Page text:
Coming home with a baby after surgery, with sometimes ongoing complex health needs, was often difficult for parents. The anxiety and isolation many had experienced in hospital often continued. Many felt that it had changed them, and their relationships.
Effect on relationships
While some couples did not survive the experience, others felt that it had strengthened their relationship. Claire said, ‘I think it’s a kind of make or break type of situation, having a child with [son’s] level of needs and everything we’ve been through we’ve definitely been made stronger through all of this’. Adam and Sonya were in hospital for 3 days with their daughter who had a hernia* operation when she was just three weeks old. Although they were exhausted when they got home, they felt the experience had tested them, and they had passed.
Lucy and Jason’s son has had several operations for his Hirschsprung’s disease*. They have helped each other through the ups and downs, and never fight. ‘Normally one of us can pull the other. generally speaking one of us is the one who is focused and the other one is – not in pieces but just not quite with it – and we, we help each other through.’ Victoria’s partner helps her ‘get a grip’.
Others we spoke to were honest about how coping with their unwell infants had put a strain on their relationships. Joe said she and her husband rarely had a conversation that didn’t revolve around one of their daughter’s medical needs, ‘he’s been my rock through the whole thing, but we’ve definitely lost our spark.’ Amy E struggled emotionally when she brought her daughter home from hospital after her operation for gastroschisis*. She found it hard that her husband went back to work, and looked to her to make all the decisions about their daughter’s care. She found the pressure hard to cope with. Equally partners said it was ‘tough’ going back to work.
Feeling lost, lonely and anxious
Parents had described feeling isolated in hospital, and this often continued once they came home with their baby. They felt they shut themselves off as they struggled to cope with their baby’s needs. Donna said she was struggling with her anxiety after her son’s surgery for Hirschsprung’s disease. Victoria’s son was born early and had a bowel operation after he developed necrotising enterocolitis (NEC)*. She said her anxiety levels had been awful since bringing her son home.
Joanne’s daughter became unwell very suddenly and had emergency surgery that left her with a short bowel, She was critically ill and Joanne feared they were going to lose her.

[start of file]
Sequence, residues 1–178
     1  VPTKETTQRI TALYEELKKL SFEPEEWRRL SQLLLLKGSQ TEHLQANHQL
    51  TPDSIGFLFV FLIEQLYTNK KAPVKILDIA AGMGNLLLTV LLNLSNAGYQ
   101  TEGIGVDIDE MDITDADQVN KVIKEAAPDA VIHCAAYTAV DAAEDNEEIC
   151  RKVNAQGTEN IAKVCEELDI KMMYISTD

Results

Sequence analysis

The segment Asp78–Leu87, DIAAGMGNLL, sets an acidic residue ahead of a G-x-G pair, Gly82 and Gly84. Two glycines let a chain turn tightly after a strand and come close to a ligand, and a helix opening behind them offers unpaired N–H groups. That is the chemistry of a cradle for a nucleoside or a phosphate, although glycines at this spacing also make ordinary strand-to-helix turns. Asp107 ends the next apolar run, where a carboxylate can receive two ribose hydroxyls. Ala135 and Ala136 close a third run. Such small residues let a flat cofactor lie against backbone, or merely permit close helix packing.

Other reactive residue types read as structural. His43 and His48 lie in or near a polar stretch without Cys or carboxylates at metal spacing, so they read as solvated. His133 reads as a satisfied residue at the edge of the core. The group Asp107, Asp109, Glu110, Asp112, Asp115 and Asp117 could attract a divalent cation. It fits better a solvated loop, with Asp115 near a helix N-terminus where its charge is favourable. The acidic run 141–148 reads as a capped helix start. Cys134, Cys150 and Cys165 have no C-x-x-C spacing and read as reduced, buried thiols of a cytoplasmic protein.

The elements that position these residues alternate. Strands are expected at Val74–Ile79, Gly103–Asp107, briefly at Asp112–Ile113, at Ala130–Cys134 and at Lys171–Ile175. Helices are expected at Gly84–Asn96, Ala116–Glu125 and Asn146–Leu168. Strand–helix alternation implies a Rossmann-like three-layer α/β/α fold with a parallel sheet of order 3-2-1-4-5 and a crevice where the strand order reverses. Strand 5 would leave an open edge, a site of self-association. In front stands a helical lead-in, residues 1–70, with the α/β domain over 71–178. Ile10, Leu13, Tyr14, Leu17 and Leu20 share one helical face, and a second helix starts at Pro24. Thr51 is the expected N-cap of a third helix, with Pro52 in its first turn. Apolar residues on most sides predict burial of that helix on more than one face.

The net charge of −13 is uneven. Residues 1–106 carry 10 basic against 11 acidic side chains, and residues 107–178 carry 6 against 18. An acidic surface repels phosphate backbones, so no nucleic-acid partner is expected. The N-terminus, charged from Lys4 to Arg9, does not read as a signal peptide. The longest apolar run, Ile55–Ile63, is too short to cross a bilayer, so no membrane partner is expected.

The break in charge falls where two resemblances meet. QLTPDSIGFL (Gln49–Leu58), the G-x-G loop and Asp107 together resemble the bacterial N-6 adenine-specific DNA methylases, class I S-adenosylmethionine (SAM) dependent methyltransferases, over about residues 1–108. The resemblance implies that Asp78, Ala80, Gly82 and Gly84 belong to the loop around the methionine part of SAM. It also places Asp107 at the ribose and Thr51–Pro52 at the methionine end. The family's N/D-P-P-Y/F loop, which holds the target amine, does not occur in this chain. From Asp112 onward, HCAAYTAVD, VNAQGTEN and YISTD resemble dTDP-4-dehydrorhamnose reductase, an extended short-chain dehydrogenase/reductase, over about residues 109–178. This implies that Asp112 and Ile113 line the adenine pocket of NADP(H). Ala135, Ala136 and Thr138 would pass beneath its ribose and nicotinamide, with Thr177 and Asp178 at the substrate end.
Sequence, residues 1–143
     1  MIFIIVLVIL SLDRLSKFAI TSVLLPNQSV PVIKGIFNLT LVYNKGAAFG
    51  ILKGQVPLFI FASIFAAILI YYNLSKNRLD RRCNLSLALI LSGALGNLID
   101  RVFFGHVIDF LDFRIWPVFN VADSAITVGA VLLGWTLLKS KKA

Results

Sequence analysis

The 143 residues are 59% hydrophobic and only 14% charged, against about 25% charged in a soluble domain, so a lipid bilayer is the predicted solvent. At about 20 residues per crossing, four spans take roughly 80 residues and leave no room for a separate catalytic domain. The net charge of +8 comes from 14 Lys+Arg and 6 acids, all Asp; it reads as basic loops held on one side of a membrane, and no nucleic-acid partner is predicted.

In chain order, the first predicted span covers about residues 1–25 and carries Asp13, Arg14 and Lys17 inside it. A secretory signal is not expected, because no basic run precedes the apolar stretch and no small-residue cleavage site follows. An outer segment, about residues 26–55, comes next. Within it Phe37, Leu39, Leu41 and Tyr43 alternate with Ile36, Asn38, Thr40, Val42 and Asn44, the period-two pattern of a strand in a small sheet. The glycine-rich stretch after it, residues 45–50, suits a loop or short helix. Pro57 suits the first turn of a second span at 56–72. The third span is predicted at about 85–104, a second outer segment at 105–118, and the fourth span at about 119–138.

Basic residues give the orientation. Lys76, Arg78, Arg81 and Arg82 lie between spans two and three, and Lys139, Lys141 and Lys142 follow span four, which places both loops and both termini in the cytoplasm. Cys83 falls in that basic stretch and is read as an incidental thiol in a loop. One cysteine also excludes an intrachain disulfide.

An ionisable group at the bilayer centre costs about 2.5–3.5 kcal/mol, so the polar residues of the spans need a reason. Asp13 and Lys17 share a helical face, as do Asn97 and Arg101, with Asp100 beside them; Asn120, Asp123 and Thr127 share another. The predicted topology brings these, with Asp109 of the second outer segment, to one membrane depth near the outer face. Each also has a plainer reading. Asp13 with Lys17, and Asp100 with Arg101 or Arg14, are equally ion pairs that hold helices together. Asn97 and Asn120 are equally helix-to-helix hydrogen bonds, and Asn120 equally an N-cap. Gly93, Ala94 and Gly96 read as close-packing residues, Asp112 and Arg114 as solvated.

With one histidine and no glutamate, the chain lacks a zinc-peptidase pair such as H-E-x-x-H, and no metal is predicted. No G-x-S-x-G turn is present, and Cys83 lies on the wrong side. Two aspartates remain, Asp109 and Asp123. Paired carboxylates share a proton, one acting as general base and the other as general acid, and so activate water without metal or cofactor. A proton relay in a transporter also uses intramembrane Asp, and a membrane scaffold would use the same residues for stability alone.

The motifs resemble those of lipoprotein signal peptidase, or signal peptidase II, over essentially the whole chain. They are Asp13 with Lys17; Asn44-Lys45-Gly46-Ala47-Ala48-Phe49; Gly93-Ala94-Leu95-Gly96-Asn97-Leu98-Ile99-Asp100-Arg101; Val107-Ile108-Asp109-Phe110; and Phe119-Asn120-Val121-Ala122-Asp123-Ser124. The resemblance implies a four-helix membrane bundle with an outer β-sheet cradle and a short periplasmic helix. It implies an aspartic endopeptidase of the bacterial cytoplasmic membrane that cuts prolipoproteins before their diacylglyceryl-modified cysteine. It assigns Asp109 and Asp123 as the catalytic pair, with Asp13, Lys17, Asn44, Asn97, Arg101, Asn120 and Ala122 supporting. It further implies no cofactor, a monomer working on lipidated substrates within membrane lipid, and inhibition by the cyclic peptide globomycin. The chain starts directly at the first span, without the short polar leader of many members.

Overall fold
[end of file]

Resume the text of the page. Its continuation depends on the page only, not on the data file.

She feels she constantly lives with the feeling of having looked over the edge of the cliff of losing her child.
Several people talked about post-traumatic stress (PTSD) and depression and how they sought counselling and CBT.
Ally and Shanise did talk about the anxiety lessening over time. Shanise said, ‘It feels like a lifetime ago’. Ally described a sign on the wall of the specialist hospital where her son was cared for; ‘They’ve got little stories on the wall of like parent’s experiences and things and how the children have got well. And one of them does say that once you get home you quickly forget and you do, you do you just move on. I suppose you don’t forget but the trauma of it dissipates the stress and you can look back and think gosh yeah it was tough but.’ Shanise and Sonya both said it actually made them less anxious as a parent, other problems seem trivial.
Feeling as though they were changed
Several parents described how they felt changed by their experiences in hospital with a sick baby. Amy’s daughter was in hospital for several weeks with exomphalos*. Once she was home, she felt that she had lost her sense of who she was. What was perhaps a normal feeling for a new mother was made stronger by her experiences with her daughter’s surgery and recovery. She didn’t feel she coped very well during that time.
Joe says that her role has changed since having her baby, she had two other children with medical problems and feels she is now in charge of ‘team ill’ while her husband is in charge of ‘team well’. As she looks back at old photos, she feels her identity has been lost along the way.
A hernia occurs when part of the body (usually the intestine) protrudes into a place where it should not be. An inguinal (groin) hernia in babies happens when a sac that joins the tummy to the scrotum or labia does not close, allowing the bowel (or ovary) to bulge into it.
A rare disorder of the bowel, where the nerve cells do not develop all of the way to the end of the bowel. The section of bowel with no nerve cells cannot relax and it can lead to a blockage. Babies all need surgery and may have ongoing problems with stooling normally.
An abdominal wall defect, that occurs when the baby’s tummy wall does not develop fully in the womb. A hole is present next to the umbilical cord through which the baby’s intestines protrude into fluid around the baby while in the womb, and outside the baby’s tummy after birth.
Necrotising enterocolitis (NEC)
NEC is a serious bowel condition affecting very young babies. Tissues in the intestine become inflamed. Babies can become critically ill and surgery may be required to remove sections of the bowel that are affected.
An abdominal wall defect that occurs when the baby’s tummy wall does not develop fully in the womb. Some of the baby’s intestines and sometimes other organs such as the liver, develop outside the tummy and are covered by the umbilical cord.